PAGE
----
Robert Saleh, 49ers Defensive Coordinator (Age: 41)
Career History: Texans Defensive Intern 2005, Texans Defensive Quality Coach 2006-2008, Texans Assistant Linebackers Coach 2009-2010, Seahawks Defensive Quality Control Coach 2011-2013, Jaguars Linebackers Coach 2014-2016, 49ers Defensive Coordinator 2017-2019
Robert Saleh has been all over the country in his 15-year NFL coaching career, and he has cultivated a reputation for being an innovative defensive mind. Saleh got his start as a 25 year old as a defensive intern for the Texans under HC Dom Capers and DC Vic Fangio. Saleh stuck with the team for four years before being named the Texans assistant linebackers coach in 2009. That season, 22-year-old LB Brian Cushing and 24-year-old LB DeMeco Ryans both qualified for the Pro Bowl. Saleh then took an opportunity to coach under HC Pete Carroll as a defensive quality control coach in 2011. Saleh was part of the Seahawks' defensive staff for a dominant three-year stretch, the last of which saw the Seahawks finish ranked number 1 in total defense, resulting in a Super Bowl victory. In 2014, Saleh followed Gus Bradley to Jacksonville to become the Jaguars linebackers coach, a position in which he would remain for three seasons. In Saleh's first year with the team, he oversaw fifth-round-rookie LB Telvin Smith record over 100 tackles and develop into a good coverage player as well. Saleh would then coach LB Telvin Smith and LB Paul Posluszny to successful seasons in 2015 and 2016 before HC Kyle Shanahan poached him to be the 49ers defensive coordinator in 2017. In 2017, Saleh improved the 49ers defense from being ranked number 32 in total defense to being ranked number 24 in total defense. Saleh's unit finished ranked number 13 in total defense in 2018, with 24-year-old IDL DeForest Buckner recording 12 sacks and qualifying for the Pro Bowl. Saleh's defense has gotten off to a dominant start in 2019, pairing a swarming defensive front consisting of EDGE Nick Bosa, EDGE Arik Armstead, IDL DeForest Buckner, and LB Kwon Alexander with a surprising secondary consisting of CB Richard Sherman, CB Ahkello Witherspoon, and S Jimmie Ward. Robert Saleh primarily runs a Seattle 3 defense like the one he learned under HC Pete Carroll, but he mixes in two-deep looks as well with some wide-9 and stacked alignments in the front seven.
David Shaw, Stanford Head Coach (Age: 47)
Career History: Eagles Quality Control Coach 1997, Raiders Quality Control Coach 1998-2000, Raiders Quarterbacks Coach 2001, Ravens Quarterbacks and Wide Receivers Coach 2002-2004, Ravens Wide Receivers Coach 2005, Chargers Passing Game Coordinator 2006, Stanford Offensive Coordinator 2007-2010, Stanford Head Coach 2011-2019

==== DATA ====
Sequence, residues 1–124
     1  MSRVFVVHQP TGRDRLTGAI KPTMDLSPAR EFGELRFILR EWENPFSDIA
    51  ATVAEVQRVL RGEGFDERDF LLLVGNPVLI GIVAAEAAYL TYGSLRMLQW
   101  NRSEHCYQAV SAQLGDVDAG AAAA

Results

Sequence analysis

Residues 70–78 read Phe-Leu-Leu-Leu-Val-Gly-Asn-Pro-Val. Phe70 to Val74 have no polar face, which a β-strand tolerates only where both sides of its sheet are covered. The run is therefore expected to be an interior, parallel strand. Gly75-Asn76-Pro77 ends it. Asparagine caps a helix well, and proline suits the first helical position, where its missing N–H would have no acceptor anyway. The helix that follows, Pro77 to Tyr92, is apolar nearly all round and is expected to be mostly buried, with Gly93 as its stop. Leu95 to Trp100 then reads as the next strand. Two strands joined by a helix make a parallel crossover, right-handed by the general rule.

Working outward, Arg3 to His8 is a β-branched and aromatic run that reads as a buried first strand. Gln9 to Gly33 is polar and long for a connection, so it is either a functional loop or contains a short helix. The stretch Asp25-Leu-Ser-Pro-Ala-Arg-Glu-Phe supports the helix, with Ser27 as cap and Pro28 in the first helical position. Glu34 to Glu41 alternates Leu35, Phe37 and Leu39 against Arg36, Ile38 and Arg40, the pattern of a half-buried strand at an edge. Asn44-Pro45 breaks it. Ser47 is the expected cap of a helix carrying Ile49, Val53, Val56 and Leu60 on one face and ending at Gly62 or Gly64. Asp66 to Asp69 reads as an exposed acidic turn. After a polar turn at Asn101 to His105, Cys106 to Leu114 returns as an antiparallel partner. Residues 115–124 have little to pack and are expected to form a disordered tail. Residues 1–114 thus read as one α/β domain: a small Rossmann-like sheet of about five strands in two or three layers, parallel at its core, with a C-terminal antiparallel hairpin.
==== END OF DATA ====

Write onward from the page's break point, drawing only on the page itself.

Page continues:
David Shaw falls into the select groups of people that could probably generate NFL head coach offers for multiple teams the instant that he shows interest, and for good reason -- Shaw has consistently produced high-level offensive results ever since he started coaching football. Shaw got his NFL start in 1997 at 23 years old as a quality control coach on an Eagles offensive staff headlined by OC Jon Gruden and quarterbacks coach Sean Payton. Shaw followed Gruden to become a quality control coach for the Raiders from 1998 to 2000 before finally being named the Raiders quarterbacks coach in 2001. Under Shaw in 2001, QB Rich Gannon made the Pro Bowl, leading the Raiders to 10 wins and the second round of the postseason. In 2002, Shaw went to Baltimore to become the Ravens quarterbacks and wide receivers coach under HC Brian Billick. Shaw spent four years in Baltimore before becoming the Chargers passing game coordinator in 2006. That season, with Shaw, the Chargers finished ranked number 4 in total offense, going 14-2 and winning the AFC West. Shaw then took the opportunity to become the offensive coordinator at his alma mater, Stanford University, under HC Jim Harbaugh in 2007. Shaw transformed Stanfords offense from scoring 10.6 points per game in 2006 to scoring over 40 points per game in 2010. Shaw was named Stanford's head coach in 2011. Between 2010 and 2018, Shaw's team finished in the top 10 three separate times, his offense scored over 30 points per game four separate times, and he had an overall winning percentage of 0.759. Shaw has produced NFL offensive talent during his Stanford tenure as well, including QB Andrew Luck, RB Christian McCaffrey, TE Zach Ertz, and IOL David DeCastro. If David Shaw were to jump back to the NFL, he would certainly present new challenges for defensive coordinators, as he combines traditional West Coast staples with spread concepts in ways unlike current NFL offensive play callers with impressive flexibility on a week-to-week basis.